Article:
C: I agree with you, and that’s important to keep in mind in an increasingly digital world. So, another question I have is about how the process of natural mentoring occurs. What distinguishes a close relationship with an adult from a natural mentoring relationship? What can someone who’s in the position to go from just being in a close relationship to a real mentor do to facilitate that, and how does that happen?
BB: I have a PhD student Barbara Mircovic who’s studying natural mentors in Ireland and Croatia, so we’ve been grappling with some of these questions. For me, the difference between somebody who’s just an adult in your life compared to somebody who’s a mentor is that it’s somebody the young person would go to for advice or guidance. It might not explicitly be advice or guidance, but they’d use them as a sounding board. They’re someone they felt they could rely on if they needed to talk to somebody. It’s quite hard to define in one way, and it’s probably quite subjective as well. I think a lot of adults wouldn’t even think of themselves in terms of being natural mentors, but I suppose if there were more awareness of the concept, they could become more aware of the important role that they can play and enhance that a little bit. I think the main thing is being perceived by the young person as somebody [who will] listen to you, talk to you, who knows about stuff that you can trust. That you’re non-judgmental, trusting, all those kinds of things.
C: Further, in the context of natural mentoring, you talk about how for youth who are in care or leaving care, that can be very tumultuous, and a natural mentoring relationship has the potential to endure that as the mentor comes from someone in their own social network. Are there any ways that you’ve come across that have natural mentoring practices informing formal mentoring practices? Are there things that you see benefitting people specifically in a natural mentoring context that could somehow be implemented more systematically in a formal mentoring program like Big Brother’s Big Sisters or otherwise?
BB: Yeah, that’s a really good question. So, one of the main things is the characteristics of natural mentors that young people identify as helpful are that they’re non-judgmental, that they’re easy going, that they understand the young person and their environment. They often tend to be somebody from within the young person’s social context, so therefore they understand them, and get them, and they don’t have to feel like they have to explain themselves. Cultural compatibility is an important one, and there has been some learning taken on board by mentoring organizations in relation to that. I’d say that a lot of those characteristics like, easygoing, fun, somebody who shares similar life experiences, was another one. A lot of young people identified mentors as those that had been through similar things to them so they could really identify with each other. So, trying to find mentors for formal mentoring that have some of those characteristics is likely to be a good strategy.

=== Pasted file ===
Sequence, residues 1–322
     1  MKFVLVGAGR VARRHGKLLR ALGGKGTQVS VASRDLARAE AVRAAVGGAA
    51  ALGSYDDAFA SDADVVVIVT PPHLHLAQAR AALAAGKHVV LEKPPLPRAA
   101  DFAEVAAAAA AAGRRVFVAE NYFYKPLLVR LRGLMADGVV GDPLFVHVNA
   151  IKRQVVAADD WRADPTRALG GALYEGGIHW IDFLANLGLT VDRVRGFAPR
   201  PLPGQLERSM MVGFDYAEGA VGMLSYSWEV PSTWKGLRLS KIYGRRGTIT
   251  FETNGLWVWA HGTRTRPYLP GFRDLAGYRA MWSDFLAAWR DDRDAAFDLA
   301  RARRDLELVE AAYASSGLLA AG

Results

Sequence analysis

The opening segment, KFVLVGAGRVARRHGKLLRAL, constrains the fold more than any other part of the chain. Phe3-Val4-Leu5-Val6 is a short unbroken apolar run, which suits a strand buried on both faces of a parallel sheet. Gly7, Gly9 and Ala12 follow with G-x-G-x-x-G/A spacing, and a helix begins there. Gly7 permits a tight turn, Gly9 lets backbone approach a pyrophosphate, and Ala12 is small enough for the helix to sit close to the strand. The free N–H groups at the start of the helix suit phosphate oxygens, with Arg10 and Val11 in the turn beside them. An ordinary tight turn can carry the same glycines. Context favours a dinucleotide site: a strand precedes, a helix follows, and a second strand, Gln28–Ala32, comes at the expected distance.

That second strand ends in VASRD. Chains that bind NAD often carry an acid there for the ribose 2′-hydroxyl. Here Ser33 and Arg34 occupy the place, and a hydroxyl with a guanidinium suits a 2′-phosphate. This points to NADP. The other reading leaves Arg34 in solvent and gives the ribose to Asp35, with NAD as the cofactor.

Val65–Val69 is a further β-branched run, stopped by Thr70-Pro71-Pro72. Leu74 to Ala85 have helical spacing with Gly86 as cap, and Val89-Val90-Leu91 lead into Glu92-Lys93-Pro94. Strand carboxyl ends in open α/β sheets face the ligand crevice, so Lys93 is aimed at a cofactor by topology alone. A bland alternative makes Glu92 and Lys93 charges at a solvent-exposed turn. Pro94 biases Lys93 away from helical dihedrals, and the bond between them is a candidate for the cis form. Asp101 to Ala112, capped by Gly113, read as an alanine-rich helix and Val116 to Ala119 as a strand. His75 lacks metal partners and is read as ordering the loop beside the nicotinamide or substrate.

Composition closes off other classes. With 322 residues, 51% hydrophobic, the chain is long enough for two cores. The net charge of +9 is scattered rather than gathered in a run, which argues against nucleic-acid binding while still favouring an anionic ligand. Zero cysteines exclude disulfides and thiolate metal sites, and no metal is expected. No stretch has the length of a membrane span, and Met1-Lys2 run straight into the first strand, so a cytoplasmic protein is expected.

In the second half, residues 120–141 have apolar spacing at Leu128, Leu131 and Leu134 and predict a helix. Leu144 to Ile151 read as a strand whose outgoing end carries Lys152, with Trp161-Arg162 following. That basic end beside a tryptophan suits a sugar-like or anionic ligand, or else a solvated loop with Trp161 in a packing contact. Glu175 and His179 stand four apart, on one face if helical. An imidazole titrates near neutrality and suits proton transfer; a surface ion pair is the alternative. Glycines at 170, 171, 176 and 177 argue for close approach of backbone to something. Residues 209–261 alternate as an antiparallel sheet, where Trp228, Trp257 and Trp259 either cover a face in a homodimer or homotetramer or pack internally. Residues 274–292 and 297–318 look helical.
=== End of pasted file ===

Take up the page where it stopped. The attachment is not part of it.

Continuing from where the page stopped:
C: Do you think that programs are doing a sufficiently good job matching people right now? Do you think those systems that are in place do a good enough matching those social compatibility and background compatibility in what you’ve seen?
BB: I’d have to say I think they are actually doing a really good job. [In] a lot of the research we’ve done both young people and mentors talk about how well matched they are—that they have similar interests, similar personalities—and that they really appreciate how well they were matched. So I do think—certainly in Ireland—they put an awful lot of work into the matching and that I think really pays off. It makes a big difference. Some of the challenges they face are that in more rural areas it might be difficult to find a really good match for a young person. A mentor might be available who’s a good match but live an hour, two hours away or something. So I think that’s a challenge. In bigger population areas it’s much easier—it’ll never be very easy—but it’s easier to make a match based on personality dynamics and interests and so on.
C: Another question that I have is about coping and resilience. I was curious how specifically a mentor can be part of productive coping strategies leading mentees towards more productive and less avoidant approaches, and what the research you’ve done and come across has shown on this topic?
BB: The theoretical framework that we drew on mostly there was from Erica Frydenberg. She identified that during adolescence, a lot of young people can have different types of coping strategies that she identifies as non-productive or productive. Some of the non-productive ones are, say, keeping to yourself, bottling up feelings, having angry outbursts, ignoring a problem or just seeing the negatives, trying to reduce tension through risk behavior, disengaging from school and hobbies, having a defeatist mindset, and having low social capital (as in not engaging socially).